As organizations strategize for infrastructure consolidation, IP telephony discussions are compulsory. Guidelines for a decision in favor of IP telephony must include infrastructure readiness, geographic considerations, process requirements, benefits analysis, and staffing readiness.
META Trend: During 2003-07, IP voice will be considered as an alternative in WAN applications (toll bypass and access reduction) and campus implementations where high voice costs, unique phone-based applications, and in-house management are primary drivers, but will not catalyze wholesale PBX replacement through 2007. IP centrex will suffer from minimal user functionality and unattractive pricing. Speech-enabled applications (e.g., speech recognition, text-to-speech) will enter the mainstream in 2003/04, expanding to incorporate multimodal (speech and non-PC) clients, and resulting in more intuitive and flexible information access during 2005/06.
Although many enterprises strategically planned for a converged voice, data, and video infrastructure to be in place by now, few have holistically undertaken the task. This can be attributed to the global economy, missteps in initial implementations, and the lack of financial substantiation for anticipated productivity applications. However, with a glimmer of promise in recent economic reports (and concomitant loosening of budget entitlements), enterprises are once again revisiting the option of transitioning to an IP-based voice infrastructure. Most are using a migratory approach, though a small percentage of large global enterprises are migrating more quickly than others. However, a small percentage of enterprises that are replacing traditional PBX equipment have made the decision to stay with digital and not migrate to IP telephony at this time.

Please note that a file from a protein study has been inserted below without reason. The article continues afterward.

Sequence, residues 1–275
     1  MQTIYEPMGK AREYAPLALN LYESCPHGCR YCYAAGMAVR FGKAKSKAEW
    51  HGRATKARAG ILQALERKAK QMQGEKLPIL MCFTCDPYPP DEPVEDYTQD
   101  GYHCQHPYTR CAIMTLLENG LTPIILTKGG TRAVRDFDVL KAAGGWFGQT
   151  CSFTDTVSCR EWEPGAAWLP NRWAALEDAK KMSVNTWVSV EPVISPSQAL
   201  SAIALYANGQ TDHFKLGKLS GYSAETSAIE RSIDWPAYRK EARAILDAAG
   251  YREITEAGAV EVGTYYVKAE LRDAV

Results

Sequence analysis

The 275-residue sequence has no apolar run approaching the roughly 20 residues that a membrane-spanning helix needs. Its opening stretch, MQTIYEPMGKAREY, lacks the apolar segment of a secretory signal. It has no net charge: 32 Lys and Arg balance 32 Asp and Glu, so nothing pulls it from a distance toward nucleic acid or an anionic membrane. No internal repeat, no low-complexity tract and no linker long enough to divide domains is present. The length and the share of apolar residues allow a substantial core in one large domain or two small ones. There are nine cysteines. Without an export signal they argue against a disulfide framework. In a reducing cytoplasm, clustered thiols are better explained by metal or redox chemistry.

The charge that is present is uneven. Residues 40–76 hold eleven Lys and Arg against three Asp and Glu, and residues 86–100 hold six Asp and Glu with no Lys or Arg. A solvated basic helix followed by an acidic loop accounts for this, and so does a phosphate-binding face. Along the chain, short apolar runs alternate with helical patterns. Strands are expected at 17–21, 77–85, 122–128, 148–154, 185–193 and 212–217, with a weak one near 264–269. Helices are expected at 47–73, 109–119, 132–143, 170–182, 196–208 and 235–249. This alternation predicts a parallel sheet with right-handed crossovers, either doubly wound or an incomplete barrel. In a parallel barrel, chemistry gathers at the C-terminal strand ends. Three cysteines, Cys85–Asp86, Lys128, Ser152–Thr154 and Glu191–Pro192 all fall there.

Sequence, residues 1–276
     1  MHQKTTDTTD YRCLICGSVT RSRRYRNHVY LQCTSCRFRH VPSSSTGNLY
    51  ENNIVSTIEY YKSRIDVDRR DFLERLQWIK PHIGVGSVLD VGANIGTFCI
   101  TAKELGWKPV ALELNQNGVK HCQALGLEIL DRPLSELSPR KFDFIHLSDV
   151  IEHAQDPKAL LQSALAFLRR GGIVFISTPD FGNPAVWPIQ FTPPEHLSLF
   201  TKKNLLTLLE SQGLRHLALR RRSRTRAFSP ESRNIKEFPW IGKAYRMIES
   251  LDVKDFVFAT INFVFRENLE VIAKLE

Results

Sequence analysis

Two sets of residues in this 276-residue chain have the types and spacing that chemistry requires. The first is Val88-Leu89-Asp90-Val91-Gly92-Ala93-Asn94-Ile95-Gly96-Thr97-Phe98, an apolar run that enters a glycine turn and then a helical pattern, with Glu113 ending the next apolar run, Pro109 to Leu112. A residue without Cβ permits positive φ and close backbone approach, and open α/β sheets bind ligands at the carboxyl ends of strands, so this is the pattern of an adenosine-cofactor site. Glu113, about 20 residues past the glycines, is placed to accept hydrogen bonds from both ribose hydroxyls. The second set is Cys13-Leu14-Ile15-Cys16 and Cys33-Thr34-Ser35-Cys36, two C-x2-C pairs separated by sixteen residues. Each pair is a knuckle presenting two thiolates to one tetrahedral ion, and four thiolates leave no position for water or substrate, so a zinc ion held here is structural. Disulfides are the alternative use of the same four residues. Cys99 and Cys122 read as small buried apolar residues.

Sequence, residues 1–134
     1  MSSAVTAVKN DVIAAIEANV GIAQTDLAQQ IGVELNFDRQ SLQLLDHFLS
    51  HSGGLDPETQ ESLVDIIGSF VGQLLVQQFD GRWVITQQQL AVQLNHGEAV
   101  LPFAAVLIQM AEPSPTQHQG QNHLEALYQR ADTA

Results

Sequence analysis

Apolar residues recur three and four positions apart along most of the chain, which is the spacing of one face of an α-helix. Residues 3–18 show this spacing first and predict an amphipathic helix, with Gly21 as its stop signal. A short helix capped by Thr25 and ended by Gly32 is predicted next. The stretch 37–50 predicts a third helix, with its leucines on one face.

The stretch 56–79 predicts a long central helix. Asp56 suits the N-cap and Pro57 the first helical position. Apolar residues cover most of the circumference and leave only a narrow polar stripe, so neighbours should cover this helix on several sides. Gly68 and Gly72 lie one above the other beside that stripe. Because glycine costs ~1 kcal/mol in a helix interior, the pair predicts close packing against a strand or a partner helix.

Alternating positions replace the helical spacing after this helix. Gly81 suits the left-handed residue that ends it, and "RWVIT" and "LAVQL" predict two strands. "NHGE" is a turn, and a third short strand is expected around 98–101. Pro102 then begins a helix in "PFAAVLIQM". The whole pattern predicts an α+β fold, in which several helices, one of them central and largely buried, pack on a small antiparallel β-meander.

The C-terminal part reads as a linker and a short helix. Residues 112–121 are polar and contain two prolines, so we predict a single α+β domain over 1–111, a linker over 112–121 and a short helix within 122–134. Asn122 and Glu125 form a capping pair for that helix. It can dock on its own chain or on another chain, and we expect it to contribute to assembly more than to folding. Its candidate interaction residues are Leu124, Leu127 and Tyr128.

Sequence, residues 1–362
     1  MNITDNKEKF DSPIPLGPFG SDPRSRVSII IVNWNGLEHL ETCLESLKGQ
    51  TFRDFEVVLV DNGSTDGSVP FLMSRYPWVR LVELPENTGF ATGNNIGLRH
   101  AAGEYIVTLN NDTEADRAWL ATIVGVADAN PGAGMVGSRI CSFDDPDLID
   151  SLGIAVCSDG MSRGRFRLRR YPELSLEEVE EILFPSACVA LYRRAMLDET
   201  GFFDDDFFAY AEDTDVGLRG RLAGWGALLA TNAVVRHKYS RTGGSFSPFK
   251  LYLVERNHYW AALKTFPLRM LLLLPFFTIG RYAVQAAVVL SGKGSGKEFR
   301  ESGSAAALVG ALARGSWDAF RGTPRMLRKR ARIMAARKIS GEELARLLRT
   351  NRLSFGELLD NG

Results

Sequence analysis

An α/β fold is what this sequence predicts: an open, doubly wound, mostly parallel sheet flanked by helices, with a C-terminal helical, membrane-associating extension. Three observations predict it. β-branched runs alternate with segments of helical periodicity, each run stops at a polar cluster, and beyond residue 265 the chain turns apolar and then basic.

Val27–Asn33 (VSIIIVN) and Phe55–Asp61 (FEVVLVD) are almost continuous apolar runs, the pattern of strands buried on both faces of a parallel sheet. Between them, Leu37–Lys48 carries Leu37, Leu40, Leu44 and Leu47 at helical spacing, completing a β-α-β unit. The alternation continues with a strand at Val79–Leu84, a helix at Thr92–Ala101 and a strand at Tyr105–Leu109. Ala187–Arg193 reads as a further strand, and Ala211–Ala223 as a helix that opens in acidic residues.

During 2003/04, technology professionals will continue to evaluate the deployment of IP for voice applications. Because technologies have been proven, we expect users to continue voice over IP deployment in the wide area, where savings justify equipment and training costs (e.g., International toll bypass, converged access). Access costs will continue to rise through 2006, making single versus multiple access lines to the enterprise site to carry all communications (e.g., voice, data, and, increasingly, video) enticing to offices or business partners (e.g., outsourcers). Planning for any IP migration must include a study of the required security controls (i.e., special VoIP-aware firewalls and mechanisms for preventing denial-of-service attacks), particularly as implementations transition from closed intra-enterprise to inter-enterprise scenarios, leveraging publicly available IP trunking and access points. Although IP telephony (defined as IP-based telephones on a corporate IP network) has made considerable progress for basic voice connectivity, business features, and reliability, wholesale enterprise requirements will not be sufficient for PBX replacement through 2007.
Step 1: Infrastructure Readiness
As enterprises revisit current data infrastructure, building voice and, increasingly, video-ready requirements into the needs assessment has become routine. In addition, many enterprises are expanding network monitoring tool suites to include voice assessment applications (e.g., NetIQ, NetScout, Concord) to monitor real-time reaction of their networks to voice simulations and live traffic. A positive result of these tests becomes an integral part of the business case. An unacceptable test becomes the foundation of a gap analysis.
Step 2: Geography The Most Versatile Influencer
The ability to provide immediate, seamless, and headquarters-like functionality to remote sites both smaller-scale corporate and telecommuter (fixed remote) is extremely attractive from a customer, management and financial perspective. Indeed, telecommuters and networked voice mail continue to rate high on the client list of desired convergence-influenced applications. Although audio messaging interchange specification (AMIS) has served many of these clients well in the past, not only is it prohibitively expensive in many cases for users in global organizations, but these users are also more functionality savvy utilizing more than just global mail lists. This has also caused voice mail security to resurface after a 10-year hiatus and is currently included in many more generic information security audits.